Digressing here, I should explain some of the topography of the canyon. The viewpoints are not on a continuous trail that skirts the actual rim of the canyon. Scores of tributaries, side canyons, and other “cuts” make up the rim. Think of your hand and the fingertips being the points with roads along your fingers leading out to the ends. Hiking trails do not run directly from one point to another, but cut back into and away from the points where the trails vary in elevations, going up and down side canyons, in and out along the trails. Occasionally, from those “inner” trails, you may get some glimpses into the canyon through the pine forests, often giving false hope that you are close to an actual point where the views are most unobstructed and spectacular. Looking out from some of the points you can see directly over to the next one, perhaps a mile or so away as the crow flies, but in reality, it actually is 5 miles or more as you hike away from and then back out to the various points.

It is no easy task to hike along the rim trails, but most times when I have hiked there it has been in peaceful solitude. That is a primary reason I enjoy visiting the North Rim. On this trip I opted to check out Parissawampitts and perhaps hike on the Rainbow Rim trail. There was no traffic out on the forest road leading out to the viewpoint, but at the trailhead there was a couple camping. Gathering what I needed for a hike, water and snacks, I set off immediately on the trail. Having no time schedule or other limitations, I followed the trail in complete solitude. Views into the Grand Canyon were best at the beginning of the hike but thereafter I passed through tall Ponderosa Pines, pinecones and pine needles scattered about on and off the trail.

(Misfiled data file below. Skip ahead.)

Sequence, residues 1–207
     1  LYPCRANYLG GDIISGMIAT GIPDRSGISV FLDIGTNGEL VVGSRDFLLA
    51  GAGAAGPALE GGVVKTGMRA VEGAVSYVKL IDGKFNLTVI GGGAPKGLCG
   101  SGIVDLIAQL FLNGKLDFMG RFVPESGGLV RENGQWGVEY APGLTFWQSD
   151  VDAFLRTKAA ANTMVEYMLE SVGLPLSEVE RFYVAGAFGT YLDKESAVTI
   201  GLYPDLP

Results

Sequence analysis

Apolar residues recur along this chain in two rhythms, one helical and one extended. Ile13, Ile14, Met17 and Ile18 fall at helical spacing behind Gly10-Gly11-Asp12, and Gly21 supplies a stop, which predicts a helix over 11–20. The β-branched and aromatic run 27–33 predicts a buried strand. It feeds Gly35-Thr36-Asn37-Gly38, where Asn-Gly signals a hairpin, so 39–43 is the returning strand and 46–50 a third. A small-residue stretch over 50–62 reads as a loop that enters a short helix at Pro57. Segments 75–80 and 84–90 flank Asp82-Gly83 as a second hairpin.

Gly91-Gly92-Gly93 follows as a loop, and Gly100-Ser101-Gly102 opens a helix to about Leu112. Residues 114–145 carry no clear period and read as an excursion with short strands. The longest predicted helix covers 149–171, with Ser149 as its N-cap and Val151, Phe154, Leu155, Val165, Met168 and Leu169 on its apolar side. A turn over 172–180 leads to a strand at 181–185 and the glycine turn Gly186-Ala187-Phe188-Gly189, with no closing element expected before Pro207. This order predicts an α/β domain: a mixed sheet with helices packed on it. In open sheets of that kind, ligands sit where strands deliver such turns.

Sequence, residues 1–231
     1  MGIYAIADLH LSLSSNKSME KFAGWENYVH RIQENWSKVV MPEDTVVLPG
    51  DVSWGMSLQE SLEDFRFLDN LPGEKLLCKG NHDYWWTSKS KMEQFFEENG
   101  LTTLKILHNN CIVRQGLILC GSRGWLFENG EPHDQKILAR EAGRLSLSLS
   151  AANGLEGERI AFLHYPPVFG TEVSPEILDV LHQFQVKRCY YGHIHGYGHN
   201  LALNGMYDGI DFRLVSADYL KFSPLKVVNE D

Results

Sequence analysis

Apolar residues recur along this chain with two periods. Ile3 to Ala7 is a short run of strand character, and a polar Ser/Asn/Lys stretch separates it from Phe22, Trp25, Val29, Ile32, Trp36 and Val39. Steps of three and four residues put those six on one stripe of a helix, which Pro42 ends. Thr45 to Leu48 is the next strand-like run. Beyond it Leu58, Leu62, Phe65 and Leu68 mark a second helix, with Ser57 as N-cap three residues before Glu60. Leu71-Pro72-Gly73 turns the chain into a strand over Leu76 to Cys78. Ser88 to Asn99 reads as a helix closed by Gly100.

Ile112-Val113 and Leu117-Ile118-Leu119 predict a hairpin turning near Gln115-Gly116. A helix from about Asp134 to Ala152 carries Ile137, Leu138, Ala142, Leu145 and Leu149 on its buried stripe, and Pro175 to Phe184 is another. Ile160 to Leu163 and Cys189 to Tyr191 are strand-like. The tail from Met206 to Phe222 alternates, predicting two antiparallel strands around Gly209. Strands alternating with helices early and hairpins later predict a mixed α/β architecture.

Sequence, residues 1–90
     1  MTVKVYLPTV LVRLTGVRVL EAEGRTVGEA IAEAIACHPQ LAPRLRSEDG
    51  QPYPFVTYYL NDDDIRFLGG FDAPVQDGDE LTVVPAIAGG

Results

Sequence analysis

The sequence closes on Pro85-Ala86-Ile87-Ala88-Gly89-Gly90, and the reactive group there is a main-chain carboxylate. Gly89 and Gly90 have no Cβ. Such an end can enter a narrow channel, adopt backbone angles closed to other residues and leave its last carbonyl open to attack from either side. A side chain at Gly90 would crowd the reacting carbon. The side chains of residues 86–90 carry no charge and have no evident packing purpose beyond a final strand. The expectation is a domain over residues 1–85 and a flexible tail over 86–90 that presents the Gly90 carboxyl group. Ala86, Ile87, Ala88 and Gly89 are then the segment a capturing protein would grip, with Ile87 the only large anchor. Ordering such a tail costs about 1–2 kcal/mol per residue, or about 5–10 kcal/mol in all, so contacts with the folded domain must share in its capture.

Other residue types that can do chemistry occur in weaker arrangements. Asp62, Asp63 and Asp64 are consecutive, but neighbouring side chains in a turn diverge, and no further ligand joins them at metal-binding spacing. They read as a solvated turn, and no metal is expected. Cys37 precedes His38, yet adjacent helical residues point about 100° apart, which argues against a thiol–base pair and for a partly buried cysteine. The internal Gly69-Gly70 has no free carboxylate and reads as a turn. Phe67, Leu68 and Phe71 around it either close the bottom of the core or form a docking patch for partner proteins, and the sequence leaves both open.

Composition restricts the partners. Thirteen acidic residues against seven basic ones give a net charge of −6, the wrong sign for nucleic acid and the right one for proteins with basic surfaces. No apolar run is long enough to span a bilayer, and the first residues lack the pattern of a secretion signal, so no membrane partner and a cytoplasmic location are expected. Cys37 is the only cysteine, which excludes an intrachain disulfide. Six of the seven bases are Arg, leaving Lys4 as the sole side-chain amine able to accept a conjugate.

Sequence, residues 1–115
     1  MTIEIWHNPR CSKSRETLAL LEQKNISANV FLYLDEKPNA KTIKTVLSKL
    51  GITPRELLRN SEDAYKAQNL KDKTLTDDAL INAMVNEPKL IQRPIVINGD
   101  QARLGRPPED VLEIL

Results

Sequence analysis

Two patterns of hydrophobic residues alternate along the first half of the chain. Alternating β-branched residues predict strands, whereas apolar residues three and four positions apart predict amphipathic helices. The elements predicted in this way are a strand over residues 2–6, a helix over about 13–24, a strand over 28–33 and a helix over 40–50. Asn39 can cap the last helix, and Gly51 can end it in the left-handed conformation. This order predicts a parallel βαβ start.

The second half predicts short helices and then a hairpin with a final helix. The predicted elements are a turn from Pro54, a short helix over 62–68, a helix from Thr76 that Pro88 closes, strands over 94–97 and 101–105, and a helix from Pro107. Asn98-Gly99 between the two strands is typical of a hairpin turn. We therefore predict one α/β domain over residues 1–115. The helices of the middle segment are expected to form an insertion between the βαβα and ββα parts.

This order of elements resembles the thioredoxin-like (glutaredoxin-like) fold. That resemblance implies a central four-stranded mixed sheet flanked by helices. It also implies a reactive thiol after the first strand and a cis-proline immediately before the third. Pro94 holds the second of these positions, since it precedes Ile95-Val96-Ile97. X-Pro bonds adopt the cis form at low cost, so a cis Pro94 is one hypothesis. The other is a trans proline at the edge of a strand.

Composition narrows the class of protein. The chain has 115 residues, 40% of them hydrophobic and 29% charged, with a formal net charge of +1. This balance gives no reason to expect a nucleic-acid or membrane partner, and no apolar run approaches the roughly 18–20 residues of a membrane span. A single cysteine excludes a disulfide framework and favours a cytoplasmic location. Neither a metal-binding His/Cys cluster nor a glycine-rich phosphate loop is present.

I felt in my element there, alone in Nature weaving in and out of the tributaries that fed into the canyon, my path, at times, led through grassy meadows and then back into old growth pine forest. The day was warm but not hot, the scent of the pines was refreshing as time slowly passed throughout the afternoon. I was unaware of how far the next viewpoint was, but it made no difference as I savored just being out where my connection to nature was at its pinnacle.

There came a time, after several hours, that I did begin feeling some fatigue, but I forged on thinking (hoping) that the next viewpoint would be just around the next bend.

I’ll hike just a little longer. It can’t be much further.

Several times I allowed myself 15 minutes increments to decide whether to continue or begin to return. After about 3 of those 15 minutes segments, tiring quickly, getting late in the day and the end not in sight, my better judgment prevailed. I turned around and headed back. All along the way, I kept hydrated and nibbled on snacks to maintain my energy.

Noticeably, my pace became slower, even as I still was relishing my surroundings in peace and serenity.

Maybe it was dehydration delirium, but tiring on the return hike, I conceived an idea to relieve some monotony. Along the trail where the pinecones were especially prolific, I took that much deserved rest, sat down and created a whimsical art piece of my own resulting in “happy pinecones”. There along the trail, the next hikers that pass were sure to see my masterpiece, bringing a smile or downright laughter to brighten their day. 

Having entertained myself with some artistic expression, that respite from the hike revived my energy but then it was time to complete the last leg of this hike.

I had a long drive out having gone about 50 miles or more south of Fredonia. The unpaved, gravel road prevented driving at higher speeds, but I still made it back to Kanab well before nightfall.

Even though my initial plan for the day ran into an insurmountable roadblock, the alternative plan was soul satisfying for me.

A very good night’s rest re-energized me for one last day of exploring in the Red Rock Country where another type canyon called me into its narrow corridors.

Resting with happy pinecones

u © Donald E. Kline 2012